Wahoo Blue SC Speed and Cadence Sensor
Smartphones have replaced an amazing number of single-purpose gadgets. Among them: the bike computer. Still, a smartphone needs help if it wants to get close to the utility of a purpose-built bike computer. And while GPS might be accurate enough for some, a speed sensor is even more precise. Initially, the solution was to add an ANT+ adapter to your smartphone and use one of the many sensors already available. Now, of course, we have Bluetooth Low Energy, which provides the low power consumption of ANT+ but without the need for a dongle.
The first Bluetooth LE speed and cadence sensor for bikes is the Wahoo Blue SC, which sells for a reasonable $60. The single sensor can mount to the bike's chainstay via an included rubber strap or a couple of cable ties. I went with the cable ties, as I didn't trust the strap to withstand the perils of mountain biking. The other pieces are two magnets. One mounts on a spoke, like most cycling speed sensors; the other, to the left crank arm. The sensor has an adjustable arm that's easy to adjust so that you can get it close to the spoke, but the magnet for the spoke wasn't the best I've seen. Ultimately, I ended up using one from another speed sensor. The setup is on par with other speed and cadence sensors I've seen and it stays in place. I'm also happy to say it's managed to survive the muddy summer trails, as well as the bike washes that follow. Oh, and the included coin battery lasted about six months, or 600 miles.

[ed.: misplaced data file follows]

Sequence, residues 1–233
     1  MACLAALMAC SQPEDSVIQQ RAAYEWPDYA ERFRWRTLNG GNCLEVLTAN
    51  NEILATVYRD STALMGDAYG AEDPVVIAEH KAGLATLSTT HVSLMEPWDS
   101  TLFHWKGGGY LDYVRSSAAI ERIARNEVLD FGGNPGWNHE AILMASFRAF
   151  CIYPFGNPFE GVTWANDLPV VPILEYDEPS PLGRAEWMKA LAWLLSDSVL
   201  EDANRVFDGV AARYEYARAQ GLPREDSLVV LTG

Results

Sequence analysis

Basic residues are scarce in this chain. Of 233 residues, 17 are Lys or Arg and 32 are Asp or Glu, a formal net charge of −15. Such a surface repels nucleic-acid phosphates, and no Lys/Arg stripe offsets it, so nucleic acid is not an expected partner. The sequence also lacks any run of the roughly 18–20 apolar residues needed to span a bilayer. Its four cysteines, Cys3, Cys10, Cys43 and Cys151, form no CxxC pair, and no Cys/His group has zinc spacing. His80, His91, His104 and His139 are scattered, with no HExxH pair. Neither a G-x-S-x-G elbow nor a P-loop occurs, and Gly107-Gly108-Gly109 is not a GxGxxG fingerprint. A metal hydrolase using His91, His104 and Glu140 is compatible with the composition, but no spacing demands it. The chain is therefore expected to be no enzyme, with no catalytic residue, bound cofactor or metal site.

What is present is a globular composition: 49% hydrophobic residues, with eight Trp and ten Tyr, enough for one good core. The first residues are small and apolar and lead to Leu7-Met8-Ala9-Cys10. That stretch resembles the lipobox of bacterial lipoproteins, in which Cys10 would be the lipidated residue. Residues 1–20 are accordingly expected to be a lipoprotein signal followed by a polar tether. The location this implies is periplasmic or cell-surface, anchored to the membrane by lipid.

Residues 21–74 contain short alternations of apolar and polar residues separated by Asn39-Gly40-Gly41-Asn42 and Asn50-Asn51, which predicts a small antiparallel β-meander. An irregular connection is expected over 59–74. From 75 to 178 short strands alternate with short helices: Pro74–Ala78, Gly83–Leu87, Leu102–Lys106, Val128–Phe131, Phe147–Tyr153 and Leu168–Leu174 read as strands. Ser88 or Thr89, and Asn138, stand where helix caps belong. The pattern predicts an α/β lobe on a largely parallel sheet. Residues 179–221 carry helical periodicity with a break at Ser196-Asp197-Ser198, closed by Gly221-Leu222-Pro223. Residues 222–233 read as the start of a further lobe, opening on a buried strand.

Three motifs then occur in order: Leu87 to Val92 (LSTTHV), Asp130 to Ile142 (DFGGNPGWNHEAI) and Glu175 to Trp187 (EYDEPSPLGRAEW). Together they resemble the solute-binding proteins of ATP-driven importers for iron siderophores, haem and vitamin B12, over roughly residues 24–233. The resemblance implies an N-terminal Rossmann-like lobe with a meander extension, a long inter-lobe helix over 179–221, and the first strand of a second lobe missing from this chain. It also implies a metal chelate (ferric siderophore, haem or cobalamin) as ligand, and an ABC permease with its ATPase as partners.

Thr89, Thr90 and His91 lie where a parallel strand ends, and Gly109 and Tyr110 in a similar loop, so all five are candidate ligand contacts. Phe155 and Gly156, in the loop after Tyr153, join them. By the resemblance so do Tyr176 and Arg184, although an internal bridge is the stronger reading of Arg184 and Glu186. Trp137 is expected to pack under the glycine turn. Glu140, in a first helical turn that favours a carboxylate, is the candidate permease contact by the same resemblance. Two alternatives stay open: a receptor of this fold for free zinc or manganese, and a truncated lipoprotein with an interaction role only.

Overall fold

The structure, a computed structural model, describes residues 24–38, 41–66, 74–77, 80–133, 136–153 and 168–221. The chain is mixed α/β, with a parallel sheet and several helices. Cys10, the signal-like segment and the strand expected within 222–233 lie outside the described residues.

Of course, the Wahoo Blue SC also integrates with Wahoo's own cycling computer app, but it works with plenty of others too, like the one I use, Mountain Bike Pro. I was a bit concerned about the effects on my smartphone's battery of running Bluetooth LE all the time, but haven't noticed any degradation in battery life. Overall the Wahoo Blue SC has become essential to tracking my rides, with the only mentionable annoyance being an extra 30 seconds of prep time to test the app and the sensor.
-- Ben Drawbaugh